Critically Examine the Claim That Free Will and Determinism Are Incompatible

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Critically examine the claim that free will and determinism are incompatible
One of the main questions that we face is whether or not, we as humans have genuine freedom. Are we free to make our own choices? Do we decide what happens in our lives in the future? Or are our lives set pathways in which we have no say at all? Are all our choices already decided? In other words, do we have free will or are our actions pre-determined, or both? Hard determinists, libertarians and soft determinists all set out to provide answers to these questions, holding different views on whether or not free will and determinism are compatible. Both hard determinists and libertarians believe that free will and determinism are incompatible but hard determinists reject the idea of free will whereas libertarians support the idea of free will and reject determinism. On the other hand, soft determinists believe that free will and determinism are in fact compatible.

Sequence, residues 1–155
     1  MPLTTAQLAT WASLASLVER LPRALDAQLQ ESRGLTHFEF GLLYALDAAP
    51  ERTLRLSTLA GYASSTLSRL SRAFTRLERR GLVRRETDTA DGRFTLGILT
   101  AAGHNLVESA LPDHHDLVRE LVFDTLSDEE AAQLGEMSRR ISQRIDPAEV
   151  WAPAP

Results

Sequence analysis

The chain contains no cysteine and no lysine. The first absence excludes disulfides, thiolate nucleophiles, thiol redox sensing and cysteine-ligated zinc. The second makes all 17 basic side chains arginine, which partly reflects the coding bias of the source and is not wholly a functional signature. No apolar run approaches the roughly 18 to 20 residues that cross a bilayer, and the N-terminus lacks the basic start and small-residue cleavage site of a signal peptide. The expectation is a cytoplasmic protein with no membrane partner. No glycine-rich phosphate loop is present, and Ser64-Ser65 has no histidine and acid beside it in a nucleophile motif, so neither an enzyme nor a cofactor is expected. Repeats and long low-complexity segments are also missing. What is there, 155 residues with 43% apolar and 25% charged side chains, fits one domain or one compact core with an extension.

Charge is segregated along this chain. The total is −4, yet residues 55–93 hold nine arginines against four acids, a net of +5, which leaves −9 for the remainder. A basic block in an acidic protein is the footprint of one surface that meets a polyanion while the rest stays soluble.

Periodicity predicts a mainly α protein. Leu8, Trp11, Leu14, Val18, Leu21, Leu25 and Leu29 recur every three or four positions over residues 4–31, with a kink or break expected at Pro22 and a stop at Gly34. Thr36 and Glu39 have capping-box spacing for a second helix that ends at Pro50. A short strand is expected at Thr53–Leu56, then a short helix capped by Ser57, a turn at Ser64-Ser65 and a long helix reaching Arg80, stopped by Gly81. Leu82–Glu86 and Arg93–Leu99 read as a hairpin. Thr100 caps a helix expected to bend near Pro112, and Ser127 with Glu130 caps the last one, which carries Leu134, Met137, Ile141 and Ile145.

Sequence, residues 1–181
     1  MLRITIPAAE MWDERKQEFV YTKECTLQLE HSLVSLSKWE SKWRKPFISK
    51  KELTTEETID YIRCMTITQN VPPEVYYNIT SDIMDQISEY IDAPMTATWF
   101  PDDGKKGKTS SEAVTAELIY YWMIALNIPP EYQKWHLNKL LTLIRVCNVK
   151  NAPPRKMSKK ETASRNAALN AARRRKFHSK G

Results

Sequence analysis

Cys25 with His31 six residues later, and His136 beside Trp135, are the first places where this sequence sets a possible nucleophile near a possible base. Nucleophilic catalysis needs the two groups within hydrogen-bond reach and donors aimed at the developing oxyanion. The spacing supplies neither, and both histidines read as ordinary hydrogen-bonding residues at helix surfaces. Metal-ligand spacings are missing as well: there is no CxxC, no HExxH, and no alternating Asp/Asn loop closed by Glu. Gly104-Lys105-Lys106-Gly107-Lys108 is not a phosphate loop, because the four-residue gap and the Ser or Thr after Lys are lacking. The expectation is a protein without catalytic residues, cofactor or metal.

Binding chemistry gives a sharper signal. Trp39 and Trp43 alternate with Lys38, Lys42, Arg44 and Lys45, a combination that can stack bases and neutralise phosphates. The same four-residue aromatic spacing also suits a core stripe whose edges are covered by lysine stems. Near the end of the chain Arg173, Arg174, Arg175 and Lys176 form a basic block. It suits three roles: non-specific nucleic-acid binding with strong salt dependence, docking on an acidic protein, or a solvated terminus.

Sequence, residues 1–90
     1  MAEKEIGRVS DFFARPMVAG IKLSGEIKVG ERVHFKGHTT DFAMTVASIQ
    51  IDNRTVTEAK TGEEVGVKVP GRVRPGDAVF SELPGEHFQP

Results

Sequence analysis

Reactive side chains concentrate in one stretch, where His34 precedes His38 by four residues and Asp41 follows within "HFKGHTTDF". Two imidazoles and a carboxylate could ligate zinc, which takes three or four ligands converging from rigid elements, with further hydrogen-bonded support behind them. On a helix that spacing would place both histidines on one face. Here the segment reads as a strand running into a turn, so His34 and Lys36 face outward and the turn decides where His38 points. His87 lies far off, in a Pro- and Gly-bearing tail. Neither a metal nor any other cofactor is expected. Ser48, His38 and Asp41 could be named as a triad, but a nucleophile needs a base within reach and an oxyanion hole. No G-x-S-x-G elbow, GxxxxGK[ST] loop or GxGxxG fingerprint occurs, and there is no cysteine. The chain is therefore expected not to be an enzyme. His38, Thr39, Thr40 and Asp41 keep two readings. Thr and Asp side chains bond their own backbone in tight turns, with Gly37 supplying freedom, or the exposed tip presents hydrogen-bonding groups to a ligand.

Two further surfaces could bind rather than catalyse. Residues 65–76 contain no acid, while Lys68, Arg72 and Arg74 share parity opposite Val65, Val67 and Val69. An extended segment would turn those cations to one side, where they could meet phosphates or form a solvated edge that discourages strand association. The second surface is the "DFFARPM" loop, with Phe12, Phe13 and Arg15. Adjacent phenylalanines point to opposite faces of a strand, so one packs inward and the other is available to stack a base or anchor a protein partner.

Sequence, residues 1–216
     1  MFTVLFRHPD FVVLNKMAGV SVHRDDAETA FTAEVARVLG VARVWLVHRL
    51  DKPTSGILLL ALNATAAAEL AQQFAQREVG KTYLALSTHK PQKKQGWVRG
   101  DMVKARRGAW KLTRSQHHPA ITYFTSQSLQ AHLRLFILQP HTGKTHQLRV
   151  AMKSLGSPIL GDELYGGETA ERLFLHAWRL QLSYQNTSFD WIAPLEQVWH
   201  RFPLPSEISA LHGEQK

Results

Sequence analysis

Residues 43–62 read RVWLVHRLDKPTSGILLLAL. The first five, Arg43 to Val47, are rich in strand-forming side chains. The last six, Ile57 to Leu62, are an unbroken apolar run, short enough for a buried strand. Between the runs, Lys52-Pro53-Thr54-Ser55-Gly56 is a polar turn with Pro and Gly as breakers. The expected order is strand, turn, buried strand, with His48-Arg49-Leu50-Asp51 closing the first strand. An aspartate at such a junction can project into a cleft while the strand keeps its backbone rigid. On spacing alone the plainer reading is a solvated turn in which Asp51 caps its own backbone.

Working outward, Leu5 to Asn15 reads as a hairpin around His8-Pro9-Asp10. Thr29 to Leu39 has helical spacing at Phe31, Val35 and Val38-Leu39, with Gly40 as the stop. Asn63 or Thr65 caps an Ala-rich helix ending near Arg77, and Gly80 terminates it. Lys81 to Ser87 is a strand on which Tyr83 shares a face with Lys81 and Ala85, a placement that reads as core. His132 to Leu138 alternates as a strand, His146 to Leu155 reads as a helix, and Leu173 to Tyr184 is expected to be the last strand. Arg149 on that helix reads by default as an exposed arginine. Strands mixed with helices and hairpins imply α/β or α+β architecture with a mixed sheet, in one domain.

Hard determinists believe in the theory of universal causation-that is for every physical even, there is a prior physical cause. Benedict Spinoza out it as ‘In the mind there is no absolute or free will; but the mind is determined to will this or that by a cause, which has been determined by another cause, and this last by another cause, and so on until infinity.’ They say that as the universe in governed by laws of nature, with enough information, we could necessitate what will happen and therefore accurately predict everything that will happen in the future. This area of determinism is known as scientific determinism who, in the words Pierre-Simon Laplace, believe that ‘If you know the speed and position of a particle, it would be possible to know their position at any other time’, meaning that you can predict the future by the state of the universe now. Humans are part of the universe and like everything else, are made up of particles and so are governed by the laws of nature. All our actions have a prior cause and choices that

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